Well, I’m not back to vocal music yet, but I will get there soon.
Sviatoslav Teofilovich Richter was a Soviet pianist of Russian-German origin, who is generally regarded as one of the greatest pianists of the 20th century.
In 1981, Richter initiated the international musical festival December nights, held in the Pushkin Museum, which after his death in 1997 was renamed December Nights of Sviatoslav Richter. In 1986, Richter embarked on a six-month tour of Siberia with his beloved Yamaha piano, giving perhaps 150 recitals, at times performing in small towns that did not even have a concert hall. It is said that after one such concert, the members of the audience, who had never before heard classical music performed, gathered in the middle of the hall and started swaying from side to side to celebrate the performer. It is said that in his last years Richter contemplated giving concerts free of charge (although he never actually did so).
An anecdote illustrates Richter’s approach to performance in the last decade of his life. After reading a biography of Charlemagne, Richter had his secretary send a telegram to the director of the theater in Aachen, Charlemagne’s favoured residence city and his burial place, stating “The Maestro has read a biography of Charlemagne and would like to play at Aquisgrana (Aachen)”. The performance took place shortly thereafter.
As late as 1995, Richter continued to perform some of the most demanding pieces in the pianistic repertoire, including Ravel’s Miroirs cycle, Prokofiev’s Second Sonata and Chopin’s études and Ballade No. 4.
Richter’s last recorded orchestral performance was of three Mozart concerti in 1994 with the Japan Shinsei Symphony Orchestra conducted by Rudolf Barshai.
Richter’s last recital was a private gathering in Lübeck, Germany, on March 30, 1995. The program consisted of two Haydn sonatas and Reger’s Variations and Fugue on a Theme by Beethoven, a piece for two pianos, which Richter performed with pianist Andreas Lucewicz.
Richter died at Central Clinical Hospital in Moscow from a heart attack on August 1, 1997, aged 82. He had been suffering from depression due to an inability to perform caused by changes in his hearing that altered his perception of pitch. At the time of his death, he was rehearsing Schubert’s Fünf Klavierstücke, D. 459.
Like so many Russian musicians, Mravinsky seemed first headed toward a career in the sciences. He studied biology at St. Petersburg University, but had to quit in 1920 after his father’s death. To support himself, he signed on with the Imperial Ballet as a rehearsal pianist. In 1923, he finally enrolled in the Leningrad Conservatory, where he studied composition with Vladimir Shcherbachov and conducting with Alexander Gauk and Nikolai Malko. He graduated in 1931, and left his Imperial Ballet job to become a musical assistant and ballet conductor at the Bolshoi Opera from 1931 to 1937, with a stint at the Kirov from 1934. Mravinsky gave up these posts in 1938, after winning first prize in the All-Union Conductors’ Competition in Moscow, to become principal conductor of the Leningrad Philharmonic. He remained there until his death, long ignoring many guest-conducting offers from abroad. Under Mravinsky’s direction the Leningrad Philharmonic came to be regarded as one of the finest orchestras in the world, although the world had comparatively few opportunities to hear it aside from the rare tour (about 30 performances in 25 years, starting in 1956), some dim Soviet recordings, and a very few highly acclaimed records for such Western European companies as Deutsche Grammophon and, in the end, Erato. Mravinsky was made People’s Artist of the U.S.S.R. in 1954, and in 1973, he received the order of Hero of Socialist Labor. But his more lasting international acclaim came for his performances of Mozart, Beethoven, Bruckner, Wagner, Sibelius, Bartók, Stravinsky, and anything Russian or Soviet. His reputation only rose upon his retirement from the Leningrad Philharmonic, particularly with the posthumous release in 1995 by Melodiya and BMG Classics of 20 CDs surveying Mravinsky’s work from the 1940s into the 1980s.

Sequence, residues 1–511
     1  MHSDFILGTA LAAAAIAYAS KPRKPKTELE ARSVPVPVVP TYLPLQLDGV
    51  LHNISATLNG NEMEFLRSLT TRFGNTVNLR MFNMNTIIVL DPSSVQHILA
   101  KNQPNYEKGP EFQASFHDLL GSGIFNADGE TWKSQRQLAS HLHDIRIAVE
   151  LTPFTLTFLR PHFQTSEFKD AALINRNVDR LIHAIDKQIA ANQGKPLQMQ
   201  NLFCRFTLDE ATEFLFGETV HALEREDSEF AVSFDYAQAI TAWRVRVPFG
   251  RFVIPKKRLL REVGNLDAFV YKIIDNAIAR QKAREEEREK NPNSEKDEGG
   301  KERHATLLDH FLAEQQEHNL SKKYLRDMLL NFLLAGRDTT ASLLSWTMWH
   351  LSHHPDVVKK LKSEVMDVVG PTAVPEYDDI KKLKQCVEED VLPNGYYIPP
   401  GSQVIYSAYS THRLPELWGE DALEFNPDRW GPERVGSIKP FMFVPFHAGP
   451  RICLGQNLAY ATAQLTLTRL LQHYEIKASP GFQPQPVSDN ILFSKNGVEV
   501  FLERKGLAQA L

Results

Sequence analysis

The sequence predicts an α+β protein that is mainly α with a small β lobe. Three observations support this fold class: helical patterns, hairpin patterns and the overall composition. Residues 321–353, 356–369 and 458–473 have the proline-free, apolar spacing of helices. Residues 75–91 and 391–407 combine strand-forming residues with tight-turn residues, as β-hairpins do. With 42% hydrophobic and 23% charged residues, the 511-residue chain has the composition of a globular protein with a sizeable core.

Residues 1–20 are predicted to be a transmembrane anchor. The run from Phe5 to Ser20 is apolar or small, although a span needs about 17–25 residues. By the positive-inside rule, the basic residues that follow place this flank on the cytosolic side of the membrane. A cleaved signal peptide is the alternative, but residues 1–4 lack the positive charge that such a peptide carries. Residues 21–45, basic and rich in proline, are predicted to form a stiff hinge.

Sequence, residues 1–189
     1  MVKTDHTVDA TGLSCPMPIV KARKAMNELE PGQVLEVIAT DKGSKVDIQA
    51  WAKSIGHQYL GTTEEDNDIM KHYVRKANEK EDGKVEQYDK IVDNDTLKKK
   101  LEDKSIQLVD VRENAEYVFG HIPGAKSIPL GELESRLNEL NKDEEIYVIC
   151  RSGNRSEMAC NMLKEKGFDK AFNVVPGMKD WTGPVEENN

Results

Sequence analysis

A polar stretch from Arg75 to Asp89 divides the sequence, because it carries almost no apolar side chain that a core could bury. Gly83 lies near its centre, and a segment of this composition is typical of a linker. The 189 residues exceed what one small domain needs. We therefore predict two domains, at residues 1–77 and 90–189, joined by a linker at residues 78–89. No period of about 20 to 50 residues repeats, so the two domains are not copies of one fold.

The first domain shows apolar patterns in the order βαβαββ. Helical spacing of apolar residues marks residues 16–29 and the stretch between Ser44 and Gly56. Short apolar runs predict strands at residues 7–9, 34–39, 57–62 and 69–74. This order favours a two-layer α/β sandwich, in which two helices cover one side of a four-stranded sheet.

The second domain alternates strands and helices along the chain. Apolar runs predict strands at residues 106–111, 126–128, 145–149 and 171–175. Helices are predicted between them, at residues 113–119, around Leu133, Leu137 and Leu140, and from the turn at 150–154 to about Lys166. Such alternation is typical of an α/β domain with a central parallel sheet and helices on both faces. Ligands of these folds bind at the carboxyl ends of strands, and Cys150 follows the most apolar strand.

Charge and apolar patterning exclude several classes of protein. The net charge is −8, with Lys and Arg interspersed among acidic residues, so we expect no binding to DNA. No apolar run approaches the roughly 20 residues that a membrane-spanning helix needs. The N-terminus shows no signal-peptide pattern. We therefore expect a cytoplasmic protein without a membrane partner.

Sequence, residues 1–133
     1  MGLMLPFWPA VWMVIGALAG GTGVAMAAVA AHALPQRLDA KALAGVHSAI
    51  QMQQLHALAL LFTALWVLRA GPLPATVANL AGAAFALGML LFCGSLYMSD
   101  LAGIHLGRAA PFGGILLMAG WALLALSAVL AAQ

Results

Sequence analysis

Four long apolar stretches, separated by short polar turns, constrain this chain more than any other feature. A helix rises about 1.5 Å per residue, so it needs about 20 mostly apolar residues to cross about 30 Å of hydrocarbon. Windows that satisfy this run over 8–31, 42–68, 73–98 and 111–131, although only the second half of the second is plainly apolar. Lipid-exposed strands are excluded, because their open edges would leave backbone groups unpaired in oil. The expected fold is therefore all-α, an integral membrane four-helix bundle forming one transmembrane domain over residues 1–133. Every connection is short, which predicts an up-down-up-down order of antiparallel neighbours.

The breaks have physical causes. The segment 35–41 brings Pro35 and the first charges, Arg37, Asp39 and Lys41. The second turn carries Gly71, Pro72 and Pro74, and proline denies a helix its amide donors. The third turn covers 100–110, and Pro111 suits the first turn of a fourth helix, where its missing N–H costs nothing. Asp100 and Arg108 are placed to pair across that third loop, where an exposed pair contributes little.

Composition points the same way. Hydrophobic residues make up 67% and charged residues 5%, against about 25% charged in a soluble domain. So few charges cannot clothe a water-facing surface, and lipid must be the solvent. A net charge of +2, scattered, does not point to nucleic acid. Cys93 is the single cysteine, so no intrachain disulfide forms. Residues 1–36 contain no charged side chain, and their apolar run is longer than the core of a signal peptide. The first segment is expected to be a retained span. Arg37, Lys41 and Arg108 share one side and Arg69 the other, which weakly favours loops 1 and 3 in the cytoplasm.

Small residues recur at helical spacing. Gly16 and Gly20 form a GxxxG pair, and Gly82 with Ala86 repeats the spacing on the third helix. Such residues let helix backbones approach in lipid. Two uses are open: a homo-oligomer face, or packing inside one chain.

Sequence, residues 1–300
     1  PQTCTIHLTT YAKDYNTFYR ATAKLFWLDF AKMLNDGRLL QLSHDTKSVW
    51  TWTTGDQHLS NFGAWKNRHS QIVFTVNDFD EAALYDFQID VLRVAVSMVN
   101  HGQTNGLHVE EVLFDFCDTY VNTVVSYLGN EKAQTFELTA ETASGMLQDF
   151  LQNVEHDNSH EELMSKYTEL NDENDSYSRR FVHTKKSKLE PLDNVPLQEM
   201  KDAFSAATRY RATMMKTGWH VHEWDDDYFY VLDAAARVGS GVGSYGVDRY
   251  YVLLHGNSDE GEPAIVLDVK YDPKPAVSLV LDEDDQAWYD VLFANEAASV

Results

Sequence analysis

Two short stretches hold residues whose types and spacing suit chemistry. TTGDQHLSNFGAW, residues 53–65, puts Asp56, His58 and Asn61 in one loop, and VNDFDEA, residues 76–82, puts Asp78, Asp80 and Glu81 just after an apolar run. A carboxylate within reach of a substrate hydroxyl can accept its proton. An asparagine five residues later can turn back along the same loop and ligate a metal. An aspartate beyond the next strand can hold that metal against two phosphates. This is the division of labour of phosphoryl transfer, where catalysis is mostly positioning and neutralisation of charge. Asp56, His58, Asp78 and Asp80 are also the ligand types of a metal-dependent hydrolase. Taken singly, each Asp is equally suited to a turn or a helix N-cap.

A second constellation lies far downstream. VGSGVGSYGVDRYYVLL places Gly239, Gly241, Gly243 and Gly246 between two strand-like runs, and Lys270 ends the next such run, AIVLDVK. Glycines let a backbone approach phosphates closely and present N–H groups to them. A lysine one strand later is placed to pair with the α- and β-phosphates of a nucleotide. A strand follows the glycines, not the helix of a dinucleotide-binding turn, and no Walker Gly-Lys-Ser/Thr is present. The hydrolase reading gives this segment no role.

Mravinsky’s rehearsal manner was said to be autocratic and brutal, and the resulting performances were tightly clenched. Yet they were also technically precise, finely detailed, subtly colored, and highly dramatic — and this not always because he was in the habit of whipping fast finales into a frenzy. His readings had an intensity, concentration, and — despite the arduous rehearsal — spontaneity comparable to those of Wilhelm Furtwängler. In the West, Mravinsky was particularly noted as an interpreter of Shostakovich, whose Fifth, Sixth, Eighth, Ninth, and Tenth symphonies he premiered, and of Tchaikovsky. His recordings of the Tchaikovsky’s last three symphonies, made in 1960 for Deutsche Grammophon while the orchestra was on tour in London, are touchstones of the Russian repertory.
Taken from https://www.allmusic.com/artist/yevgeny-mravinsky-mn0002197359/biography
by James Reel
Pyotr Ilyich Tchaikovsky, Tchaikovsky also spelled Chaikovsky, Chaikovskii, or Tschaikowsky, name in full Anglicized as Peter Ilich Tchaikovsky, (born April 25 [May 7, New Style], 1840, Votkinsk, Russia—died October 25 [November 6], 1893, St. Petersburg), the most popular Russian composer of all time. His music has always had great appeal for the general public in virtue of its tuneful, open-hearted melodies, impressive harmonies, and colorful, picturesque orchestration, all of which evoke a profound emotional response. His oeuvre includes 7 symphonies, 11 operas, 3 ballets, 5 suites, 3 piano concertos, a violin concerto, 11 overtures (strictly speaking, 3 overtures and 8 single movement programmatic orchestral works), 4 cantatas, 20 choral works, 3 string quartets, a string sextet, and more than 100 songs and piano pieces.